The Communications Regulators’ Association of Southern Africa (CRASA) is reported to have requested a deadline extension on its mandate to oversee the reduction of mobile roaming charges across the Southern Africa Development Community (SADC) by 2018.
CRASA was handed the mandate by SADC member countries and local media have reported that the organisation has requested an extension after having advertised its proposal for experienced companies to develop a roaming cost model.
Bridget Linzie, Head of Electronic Communications at CRASA says the organisation will only be able to provide a detailed update on its management of the project after it obtains approval to do so from the office of SADC Executive Secretary, Dr Stergomena Lawrence Tax.
Linzie did not specify how long this would take.
“Since information to the public can come only from the Executive Secretary office, according to our operational procedures, kindly allow time for response from CRASA.”
Companies interested in the contract to develop the cost model had until 30 November 2017 to submit their proposals to CRASA.
“Affordable roaming enables significant regional economic activity by assisting to unlock new opportunities through ease in connecting the travellers to people and business. In addition, the lowering of International Mobile Roaming cost reduces the cost of doing business across the SADC border, allowing for free flow and reduced barriers to regional trading. Further, as trading capital freely flows throughout the region, investment in trade increases and allowing for financial integration,” explained the Association in its call for proposals.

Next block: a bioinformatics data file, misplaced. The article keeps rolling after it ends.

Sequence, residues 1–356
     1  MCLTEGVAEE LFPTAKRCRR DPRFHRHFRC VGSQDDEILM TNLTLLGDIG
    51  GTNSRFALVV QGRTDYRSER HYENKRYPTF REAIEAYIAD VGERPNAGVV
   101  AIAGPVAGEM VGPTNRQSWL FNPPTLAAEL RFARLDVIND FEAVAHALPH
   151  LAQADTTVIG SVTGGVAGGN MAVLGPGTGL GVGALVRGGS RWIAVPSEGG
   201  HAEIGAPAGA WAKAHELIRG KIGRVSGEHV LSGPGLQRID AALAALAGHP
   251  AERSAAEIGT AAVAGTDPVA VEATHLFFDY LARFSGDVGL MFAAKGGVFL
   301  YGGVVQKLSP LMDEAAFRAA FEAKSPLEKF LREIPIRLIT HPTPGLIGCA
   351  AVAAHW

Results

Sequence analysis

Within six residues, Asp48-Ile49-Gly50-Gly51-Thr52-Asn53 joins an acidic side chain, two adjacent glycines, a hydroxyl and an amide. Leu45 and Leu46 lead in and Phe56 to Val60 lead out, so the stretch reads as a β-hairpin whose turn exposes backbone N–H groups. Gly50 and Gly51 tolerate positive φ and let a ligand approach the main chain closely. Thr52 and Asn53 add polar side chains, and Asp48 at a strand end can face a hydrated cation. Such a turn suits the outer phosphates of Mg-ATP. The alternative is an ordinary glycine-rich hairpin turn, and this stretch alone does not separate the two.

The SADC roaming project will be implemented in three phases, according to CRASA.
While few SADC operators have moved to reduce roaming charges over the years, Swazi MTN recently reduced its South African roaming rates in a move the company described as an effort to align itself with objectives of the SADC initiative.
Swazi MTN’s roaming prices to South Africa costs 64% less, while data charges were slashed by 51% and SMS prices by 26%.
Peter Zimri, councillor at South African regulator ICASA expressed the regulator’s support for reduced roaming costs in the region during the SADC ICT Ministers’ meeting held in Durban last year.
“For us as South Africa, achieving low roaming charging for calls is important not only for attracting visitors to our country but it’s also important for cross-border trade,” said Zimri.
Thirteen regulatory institutions in the SADC region are active members of CRASA and originate from Angola, Botswana, Democratic Republic of Congo (DRC), Lesotho, Malawi, Mauritius, Mozambique, Namibia, South Africa, Swaziland, Tanzania, Zambia and Zimbabwe.
Source: ITWeb Africa